A 15+ hour flight wreaks havoc on your body. Whether it is all the gems, the dehydration or even just sheer exhaustion, your body isn't going to be at its best. But these are some great things to help bounce back and fight off sickness. I'm prone to getting nauseous on flights so I always make sure to keep a few anti-nausea pills with me as well as an ibuprofen in case of headaches. I also pack one or two lozenges since the dry air can irritate your throat. A packet of emergen-C powder mixed with water can help prevent any cold germs you might be picking up while travelling.
Your skin takes a beating on the plane so having a good face moisturizer and hand cream are important to keep your skin feeling healthy. If you don't feel too embarrassed, you can even bring a face mask to do while the rest of the passengers are asleep. Although you might look a bit funny, your skin will thank you.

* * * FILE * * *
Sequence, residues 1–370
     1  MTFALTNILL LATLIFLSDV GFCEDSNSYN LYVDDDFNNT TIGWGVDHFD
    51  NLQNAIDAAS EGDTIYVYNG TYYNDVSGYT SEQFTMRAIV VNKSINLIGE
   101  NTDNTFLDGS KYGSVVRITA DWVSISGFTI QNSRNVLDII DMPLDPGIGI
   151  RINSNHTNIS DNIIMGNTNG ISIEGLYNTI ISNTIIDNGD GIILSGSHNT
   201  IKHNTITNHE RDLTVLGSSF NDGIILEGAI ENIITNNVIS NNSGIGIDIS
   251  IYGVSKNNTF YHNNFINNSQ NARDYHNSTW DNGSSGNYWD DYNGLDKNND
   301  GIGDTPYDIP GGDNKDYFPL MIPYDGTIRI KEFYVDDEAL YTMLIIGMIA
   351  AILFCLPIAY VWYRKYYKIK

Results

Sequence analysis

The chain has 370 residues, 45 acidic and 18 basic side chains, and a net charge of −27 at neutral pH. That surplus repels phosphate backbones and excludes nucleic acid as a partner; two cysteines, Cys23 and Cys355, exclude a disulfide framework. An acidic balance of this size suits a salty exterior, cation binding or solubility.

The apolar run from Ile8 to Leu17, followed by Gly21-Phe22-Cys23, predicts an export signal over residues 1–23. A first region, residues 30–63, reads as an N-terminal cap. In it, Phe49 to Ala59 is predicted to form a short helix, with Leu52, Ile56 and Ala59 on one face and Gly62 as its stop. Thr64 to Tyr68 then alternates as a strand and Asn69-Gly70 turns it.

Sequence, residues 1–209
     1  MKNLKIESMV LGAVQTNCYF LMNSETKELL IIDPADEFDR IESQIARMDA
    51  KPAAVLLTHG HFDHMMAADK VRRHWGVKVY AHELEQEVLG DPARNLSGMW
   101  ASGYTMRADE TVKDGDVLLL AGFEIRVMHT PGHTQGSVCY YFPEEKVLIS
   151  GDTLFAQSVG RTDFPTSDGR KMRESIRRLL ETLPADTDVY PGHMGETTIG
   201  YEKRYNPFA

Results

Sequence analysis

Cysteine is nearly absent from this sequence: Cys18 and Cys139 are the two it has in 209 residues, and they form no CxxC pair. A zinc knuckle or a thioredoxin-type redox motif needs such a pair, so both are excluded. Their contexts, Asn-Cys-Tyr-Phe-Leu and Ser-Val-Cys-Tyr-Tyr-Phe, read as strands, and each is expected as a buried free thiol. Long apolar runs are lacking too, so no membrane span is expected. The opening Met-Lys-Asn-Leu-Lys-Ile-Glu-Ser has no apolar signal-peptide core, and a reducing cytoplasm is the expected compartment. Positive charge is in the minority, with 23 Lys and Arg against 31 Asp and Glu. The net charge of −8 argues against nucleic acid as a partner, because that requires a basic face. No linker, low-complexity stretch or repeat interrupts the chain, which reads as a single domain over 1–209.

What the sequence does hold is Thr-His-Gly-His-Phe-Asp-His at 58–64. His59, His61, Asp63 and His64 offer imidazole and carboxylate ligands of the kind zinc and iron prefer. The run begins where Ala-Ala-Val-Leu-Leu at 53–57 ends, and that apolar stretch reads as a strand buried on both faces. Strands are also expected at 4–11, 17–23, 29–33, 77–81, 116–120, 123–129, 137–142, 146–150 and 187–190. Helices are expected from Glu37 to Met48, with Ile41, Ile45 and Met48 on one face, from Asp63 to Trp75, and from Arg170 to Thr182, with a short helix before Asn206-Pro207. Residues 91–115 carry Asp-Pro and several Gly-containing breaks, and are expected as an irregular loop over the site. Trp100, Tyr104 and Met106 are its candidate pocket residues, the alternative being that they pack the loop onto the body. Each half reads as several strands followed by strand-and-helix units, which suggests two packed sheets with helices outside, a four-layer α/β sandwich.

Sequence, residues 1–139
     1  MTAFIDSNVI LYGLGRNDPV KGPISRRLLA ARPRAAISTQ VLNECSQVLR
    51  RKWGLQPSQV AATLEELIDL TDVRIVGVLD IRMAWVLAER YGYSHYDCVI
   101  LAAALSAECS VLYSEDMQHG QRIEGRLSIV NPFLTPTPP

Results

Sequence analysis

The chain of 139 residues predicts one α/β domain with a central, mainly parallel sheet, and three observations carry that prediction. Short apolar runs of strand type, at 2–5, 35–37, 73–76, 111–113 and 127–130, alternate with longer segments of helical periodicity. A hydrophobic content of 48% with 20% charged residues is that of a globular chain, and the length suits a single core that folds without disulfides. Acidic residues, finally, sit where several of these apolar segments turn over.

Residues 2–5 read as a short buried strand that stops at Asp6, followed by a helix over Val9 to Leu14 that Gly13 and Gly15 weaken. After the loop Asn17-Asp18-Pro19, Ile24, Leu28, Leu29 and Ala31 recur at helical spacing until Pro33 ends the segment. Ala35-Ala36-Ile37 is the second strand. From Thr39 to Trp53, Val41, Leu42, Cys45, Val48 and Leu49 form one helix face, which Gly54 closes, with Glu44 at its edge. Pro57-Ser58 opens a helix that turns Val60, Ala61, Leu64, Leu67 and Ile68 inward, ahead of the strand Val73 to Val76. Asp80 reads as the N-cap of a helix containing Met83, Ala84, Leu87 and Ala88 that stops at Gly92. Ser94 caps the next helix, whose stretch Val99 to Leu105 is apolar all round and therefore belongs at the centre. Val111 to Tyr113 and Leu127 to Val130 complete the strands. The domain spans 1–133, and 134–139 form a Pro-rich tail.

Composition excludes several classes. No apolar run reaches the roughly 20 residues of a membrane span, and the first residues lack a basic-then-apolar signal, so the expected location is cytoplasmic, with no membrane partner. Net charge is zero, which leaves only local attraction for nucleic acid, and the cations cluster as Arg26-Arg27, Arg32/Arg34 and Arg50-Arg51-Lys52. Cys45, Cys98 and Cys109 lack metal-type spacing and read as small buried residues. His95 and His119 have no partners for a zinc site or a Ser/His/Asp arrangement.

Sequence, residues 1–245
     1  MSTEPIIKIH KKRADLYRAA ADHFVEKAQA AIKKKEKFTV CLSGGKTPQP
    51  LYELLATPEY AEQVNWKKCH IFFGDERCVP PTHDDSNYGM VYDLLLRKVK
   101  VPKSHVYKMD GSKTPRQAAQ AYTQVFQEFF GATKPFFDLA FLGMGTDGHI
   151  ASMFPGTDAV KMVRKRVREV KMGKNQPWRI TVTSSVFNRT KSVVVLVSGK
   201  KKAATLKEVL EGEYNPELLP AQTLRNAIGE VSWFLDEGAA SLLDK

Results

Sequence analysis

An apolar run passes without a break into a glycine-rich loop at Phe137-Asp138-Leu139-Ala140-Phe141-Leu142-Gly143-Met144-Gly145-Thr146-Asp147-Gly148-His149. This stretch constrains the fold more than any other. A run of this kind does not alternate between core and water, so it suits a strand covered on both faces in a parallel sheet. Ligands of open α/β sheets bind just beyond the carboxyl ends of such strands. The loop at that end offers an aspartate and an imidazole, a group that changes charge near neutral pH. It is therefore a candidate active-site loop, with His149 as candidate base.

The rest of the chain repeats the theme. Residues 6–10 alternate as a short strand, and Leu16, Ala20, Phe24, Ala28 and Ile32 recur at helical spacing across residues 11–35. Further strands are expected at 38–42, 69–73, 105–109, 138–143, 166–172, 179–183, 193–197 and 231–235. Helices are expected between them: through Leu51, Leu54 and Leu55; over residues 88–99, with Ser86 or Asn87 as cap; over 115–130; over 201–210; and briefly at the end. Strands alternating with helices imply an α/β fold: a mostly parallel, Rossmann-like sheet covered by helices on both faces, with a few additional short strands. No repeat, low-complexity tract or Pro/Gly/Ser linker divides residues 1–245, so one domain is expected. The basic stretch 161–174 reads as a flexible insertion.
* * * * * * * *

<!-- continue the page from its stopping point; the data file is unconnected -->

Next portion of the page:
After you wake up from a hopefully restful sleep, a quick trip to the bathroom to brush your teeth, wash your face wash and hand will do you a lot of good in helping you wake up and preparing you for the day ahead.
A bottle of water is mandatory. You need to drink at least 250ml of water for each hour your flying. These collapsible water bottles from Vapur are the best for not taking up space once they're empty.
While they sell food on the plane, it's usually not the greatest and very expensive. Bringing some snacks with you is a good idea in case you're hungry when the food cart isn't around. A bag of nuts, energy or granola bars are great for snacking. Babybell cheese is wrapped in wax, so it doesn't go off as quickly and is an excellent shot of protein.
If your ears tend to pop on the flight make sure you buy some gum before arriving at the airport - the stuff in the terminal is widely expensive.